From season to season, atmospheric energy alternates as part of the daily cycle. Upward energy is stronger in the morning, while downward energy is stronger in the afternoon and evening. In order to eat in harmony with this cycle, breakfast should be light, not heavy. A breakfast of eggs and bacon is dense and heavy, and goes against the movement of energy. Breakfast grains can be cooked with more water, so that they become lighter and more easily digested. Dinner can include a greater number of side dishes, and we normally eat more in the evening, since at that time, atmospheric energy is more condensed and inward-moving. Lunch can also be quick and light, since at noon, atmospheric energy is very active and expansive. Quick light cooking, such as that in which we reheat leftovers, can be done at that time.
Respecting Human Needs
Another important principle is to eat according to our distinctive needs as a species. Our teeth reveal the ideal proportion of foods in the human diet. We have thirty-two adult teeth. There are twenty molars and premolars. The word molar is a Latin word for millstone, or the stones used to crush wheat and other grains into flour. These teeth are not suited for animal food, but for crushing or grinding grains, beans, seeds, and other tough plant fibers. There are also eight front incisors (from the Latin, to cut) and these are well-suited for cutting vegetables. We also have four canine teeth. The canines can be used for animal food, not necessarily meat, but foods such as white-meat fish. The ideal proportion of foods as reflected in the teeth is five parts grain and other tough fibrous foods, two parts vegetables, and one part animal food. The ideal ratio between plant and animal food is seven to one.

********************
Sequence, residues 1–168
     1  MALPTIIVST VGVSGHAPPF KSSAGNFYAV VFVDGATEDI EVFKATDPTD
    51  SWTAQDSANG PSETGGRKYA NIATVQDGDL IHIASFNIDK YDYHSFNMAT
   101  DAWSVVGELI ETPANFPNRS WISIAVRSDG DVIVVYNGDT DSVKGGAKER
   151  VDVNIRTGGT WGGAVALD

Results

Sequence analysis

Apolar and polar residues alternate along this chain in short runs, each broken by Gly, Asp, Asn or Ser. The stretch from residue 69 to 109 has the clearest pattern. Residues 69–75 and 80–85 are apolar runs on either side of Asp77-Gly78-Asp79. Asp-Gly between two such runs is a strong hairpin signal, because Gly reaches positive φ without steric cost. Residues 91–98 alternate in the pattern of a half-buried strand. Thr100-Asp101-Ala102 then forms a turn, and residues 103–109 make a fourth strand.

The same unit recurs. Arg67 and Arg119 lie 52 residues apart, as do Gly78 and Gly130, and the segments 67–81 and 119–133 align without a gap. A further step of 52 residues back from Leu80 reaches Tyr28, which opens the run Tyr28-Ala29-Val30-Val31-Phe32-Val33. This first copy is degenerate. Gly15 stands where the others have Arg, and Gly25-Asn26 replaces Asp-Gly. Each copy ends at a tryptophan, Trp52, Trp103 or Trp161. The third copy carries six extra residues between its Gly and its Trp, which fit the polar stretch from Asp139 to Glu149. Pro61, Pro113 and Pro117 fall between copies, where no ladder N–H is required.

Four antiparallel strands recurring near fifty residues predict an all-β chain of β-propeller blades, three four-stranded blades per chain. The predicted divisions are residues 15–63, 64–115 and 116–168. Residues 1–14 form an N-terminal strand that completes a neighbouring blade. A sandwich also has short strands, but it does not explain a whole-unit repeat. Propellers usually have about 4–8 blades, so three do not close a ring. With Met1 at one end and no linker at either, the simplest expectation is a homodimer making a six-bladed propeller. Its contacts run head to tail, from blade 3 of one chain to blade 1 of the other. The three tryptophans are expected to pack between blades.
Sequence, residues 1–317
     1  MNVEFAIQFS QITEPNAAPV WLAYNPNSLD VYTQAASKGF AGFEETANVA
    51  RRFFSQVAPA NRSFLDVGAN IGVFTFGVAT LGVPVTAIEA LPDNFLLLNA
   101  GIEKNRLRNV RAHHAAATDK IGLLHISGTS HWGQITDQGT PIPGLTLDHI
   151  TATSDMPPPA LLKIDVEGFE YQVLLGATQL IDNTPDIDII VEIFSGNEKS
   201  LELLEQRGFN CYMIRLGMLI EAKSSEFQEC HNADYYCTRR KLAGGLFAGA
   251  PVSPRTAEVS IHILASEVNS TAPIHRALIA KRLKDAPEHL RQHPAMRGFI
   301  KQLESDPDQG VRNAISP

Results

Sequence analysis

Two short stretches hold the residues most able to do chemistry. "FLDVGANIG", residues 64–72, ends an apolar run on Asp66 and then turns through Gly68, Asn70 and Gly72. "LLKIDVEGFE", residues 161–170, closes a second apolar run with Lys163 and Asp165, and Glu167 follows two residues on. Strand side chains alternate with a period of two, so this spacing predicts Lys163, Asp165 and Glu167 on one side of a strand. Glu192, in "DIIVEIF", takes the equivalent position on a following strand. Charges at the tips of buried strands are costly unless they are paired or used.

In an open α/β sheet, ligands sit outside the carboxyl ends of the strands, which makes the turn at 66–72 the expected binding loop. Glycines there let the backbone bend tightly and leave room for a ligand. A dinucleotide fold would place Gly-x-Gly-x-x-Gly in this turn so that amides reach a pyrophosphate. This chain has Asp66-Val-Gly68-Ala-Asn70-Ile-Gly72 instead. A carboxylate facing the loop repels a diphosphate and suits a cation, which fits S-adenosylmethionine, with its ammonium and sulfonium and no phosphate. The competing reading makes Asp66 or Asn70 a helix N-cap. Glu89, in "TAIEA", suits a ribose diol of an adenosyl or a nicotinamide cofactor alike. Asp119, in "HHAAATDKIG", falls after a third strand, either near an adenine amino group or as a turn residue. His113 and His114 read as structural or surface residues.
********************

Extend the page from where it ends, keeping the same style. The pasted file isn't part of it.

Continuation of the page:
The modern diet does not reflect this pattern. Rather than whole grains, meat or other types of animal food are the primary foods. Vegetables are often used as garnish to the main course of animal food. Cereal grains are eaten almost as an afterthought, and are eaten in the form of white bread, white rolls, and other highly refined products. Refined bread or rolls are used simply as a vehicle to carry a hot dog, hamburger, or some other type of animal food. Grains are an incidental part of the modern diet.
Today, people are eating the opposite of what they should be eating. That is why so many health problems exist in the modern world. One of the clearest messages I received from the books of George Ohsawa was that plant-based diets are superior to animal-based diets. When Ohsawa presented that idea many years ago, Western doctors and nutritionists laughed. They believed that animal protein was superior to plant protein, and that cultures in which animal protein formed the basis of the diet were more advanced than cultures that relied on grains and other plant foods.